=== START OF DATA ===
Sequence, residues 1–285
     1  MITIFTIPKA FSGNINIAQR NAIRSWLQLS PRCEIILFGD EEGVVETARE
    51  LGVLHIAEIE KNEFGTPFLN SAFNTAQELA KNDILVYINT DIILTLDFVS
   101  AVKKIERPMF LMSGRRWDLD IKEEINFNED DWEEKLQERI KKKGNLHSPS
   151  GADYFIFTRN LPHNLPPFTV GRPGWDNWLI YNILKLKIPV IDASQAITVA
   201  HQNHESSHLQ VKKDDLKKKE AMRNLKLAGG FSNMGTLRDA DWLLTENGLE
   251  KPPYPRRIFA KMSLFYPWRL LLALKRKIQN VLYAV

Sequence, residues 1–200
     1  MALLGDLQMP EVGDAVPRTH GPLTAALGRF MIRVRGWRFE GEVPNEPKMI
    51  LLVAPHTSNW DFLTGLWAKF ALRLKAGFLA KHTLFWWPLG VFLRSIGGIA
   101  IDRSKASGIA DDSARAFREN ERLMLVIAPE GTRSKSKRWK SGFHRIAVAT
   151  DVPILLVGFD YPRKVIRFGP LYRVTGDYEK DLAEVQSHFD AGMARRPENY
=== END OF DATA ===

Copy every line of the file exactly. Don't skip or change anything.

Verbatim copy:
Sequence, residues 1–285
     1  MITIFTIPKA FSGNINIAQR NAIRSWLQLS PRCEIILFGD EEGVVETARE
    51  LGVLHIAEIE KNEFGTPFLN SAFNTAQELA KNDILVYINT DIILTLDFVS
   101  AVKKIERPMF LMSGRRWDLD IKEEINFNED DWEEKLQERI KKKGNLHSPS
   151  GADYFIFTRN LPHNLPPFTV GRPGWDNWLI YNILKLKIPV IDASQAITVA
   201  HQNHESSHLQ VKKDDLKKKE AMRNLKLAGG FSNMGTLRDA DWLLTENGLE
   251  KPPYPRRIFA KMSLFYPWRL LLALKRKIQN VLYAV

Sequence, residues 1–200
     1  MALLGDLQMP EVGDAVPRTH GPLTAALGRF MIRVRGWRFE GEVPNEPKMI
    51  LLVAPHTSNW DFLTGLWAKF ALRLKAGFLA KHTLFWWPLG VFLRSIGGIA
   101  IDRSKASGIA DDSARAFREN ERLMLVIAPE GTRSKSKRWK SGFHRIAVAT
   151  DVPILLVGFD YPRKVIRFGP LYRVTGDYEK DLAEVQSHFD AGMARRPENY